Preparing the Carrot Tent for the 2018 crop

This year we have taken a bit of a different approach with setting up the isolation tent for the Carrot Seed Project by erecting the tent as late as possible before flowering. This is done in the hope that the carrot stalks will be strengthened by having more wind exposure and there will be more insect diversity once the tent is put up.

We set things up in two stages. Several weeks ago we erected the frame. As we had more available time this allowed us to get a bit of a head start on the tent set up. Also, with the frame ready to go, we can get the tent put up quickly when it needs to go up. Here is a time lapse of setting up the frame:

To help keep the frame snug as we erect it we pound the anchor posts into the round at a slight inward angle. This helps push things together as we add the pieces. I put a few anchors in at too steep of an angle, so tip #1: Pound the anchors in at a slight angle!

With the frame up we had several weeks of just keeping an eye on the weeds and other crop issues that may arise. I also had chance to put in some posts that will be used to string up the plants as they get more top heavy with flowering and seed set.


Another recent addition to the project was our interpretive signage. I tend to get a lot of questions when I am in the field working on the carrots so this gives folks a chance to better understand the project on their own! The signs talk about BC’s ideal climate for carrot seed production, the purpose behind the tents, and the breeding of flies as pollinators. As the flies start to fill the tent people start to get much more curious!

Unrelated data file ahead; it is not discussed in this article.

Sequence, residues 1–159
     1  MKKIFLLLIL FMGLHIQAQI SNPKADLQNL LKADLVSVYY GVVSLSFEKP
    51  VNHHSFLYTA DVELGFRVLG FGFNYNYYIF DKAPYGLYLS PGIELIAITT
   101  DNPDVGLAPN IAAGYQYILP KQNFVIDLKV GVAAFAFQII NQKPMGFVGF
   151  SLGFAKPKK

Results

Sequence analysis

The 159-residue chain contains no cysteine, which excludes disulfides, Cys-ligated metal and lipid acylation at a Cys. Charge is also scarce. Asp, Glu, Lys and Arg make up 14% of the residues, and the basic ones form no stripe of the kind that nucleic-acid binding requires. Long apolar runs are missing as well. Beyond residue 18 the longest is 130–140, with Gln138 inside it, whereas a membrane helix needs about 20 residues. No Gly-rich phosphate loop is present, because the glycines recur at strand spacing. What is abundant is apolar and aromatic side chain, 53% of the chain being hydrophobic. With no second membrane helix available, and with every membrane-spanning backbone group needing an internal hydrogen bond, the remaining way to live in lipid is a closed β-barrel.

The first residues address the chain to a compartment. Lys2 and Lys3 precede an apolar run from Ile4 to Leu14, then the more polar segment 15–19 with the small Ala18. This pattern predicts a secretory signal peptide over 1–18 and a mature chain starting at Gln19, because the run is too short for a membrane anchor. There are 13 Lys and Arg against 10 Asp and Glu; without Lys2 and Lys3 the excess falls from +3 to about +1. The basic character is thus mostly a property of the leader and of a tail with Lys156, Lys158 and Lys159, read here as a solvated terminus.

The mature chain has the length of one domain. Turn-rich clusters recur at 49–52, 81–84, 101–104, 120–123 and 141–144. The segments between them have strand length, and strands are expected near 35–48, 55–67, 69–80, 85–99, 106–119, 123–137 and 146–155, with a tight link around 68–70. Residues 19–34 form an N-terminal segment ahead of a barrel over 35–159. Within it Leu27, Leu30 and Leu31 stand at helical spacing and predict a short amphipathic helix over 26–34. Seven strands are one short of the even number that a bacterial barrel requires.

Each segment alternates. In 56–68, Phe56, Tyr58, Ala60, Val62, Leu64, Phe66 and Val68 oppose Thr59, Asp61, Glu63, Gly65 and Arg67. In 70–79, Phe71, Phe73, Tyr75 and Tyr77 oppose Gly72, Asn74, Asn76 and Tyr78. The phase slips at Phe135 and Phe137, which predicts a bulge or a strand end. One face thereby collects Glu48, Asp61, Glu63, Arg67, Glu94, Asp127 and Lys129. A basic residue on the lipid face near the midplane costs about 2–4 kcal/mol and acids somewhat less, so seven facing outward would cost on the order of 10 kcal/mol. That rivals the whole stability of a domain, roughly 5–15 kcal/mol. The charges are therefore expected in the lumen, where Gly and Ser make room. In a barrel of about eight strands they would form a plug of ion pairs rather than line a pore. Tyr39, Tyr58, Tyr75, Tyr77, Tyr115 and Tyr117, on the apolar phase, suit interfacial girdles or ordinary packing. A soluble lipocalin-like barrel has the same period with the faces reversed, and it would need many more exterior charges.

We can also use these signs at other events to talk about this project. In fact, the signs and one of the enclosures will end up at the PNE in August at their Agriculture in the City display.


With the frame ready to go we had an easy time putting up the mesh tents this week. Though I would have liked to leave them off a little bit longer, we are starting to see some flowers open up on the carrots that will be enclosure so the tent needed to go up. I actually could have left the tents off a little bit longer, but I have some travel coming up and wanted to make sure the tents were ready go before I left.

With the frames already up, three of us we were able to get the mesh up in less than an hour. It was a little tricky as we have two tents right beside each other and we had to maneuver a bit around the plants. But this does bring me to tips # 2 and #3: Bring some tall friends and bring a step stool! Also – be careful not to trample the plants as you are maneuvering around them. But overall the set up was quite smooth:

The next step in the process is the fly breeding! This relatively simple process involves drawing flies with raw meat onto which they lay their eggs. This often achieved more quickly by placing a collection bin in an area where flies frequent such as around standing water or a compost pile. Oh, and really stinky fish or roadkill helps.

Once the bait has been left out for a few hours it can simply be buried in the mesh enclosure where they will hatch, feed, pupate, then emerge as flies. We will do 2-3 cycles of this to ensure a stable population of pollinators throughout the flowering cycle.

Here are a few videos on the fly breeding process from 2017:


And if you have the patience – here I am building the bins and explaining the whole process in more detail.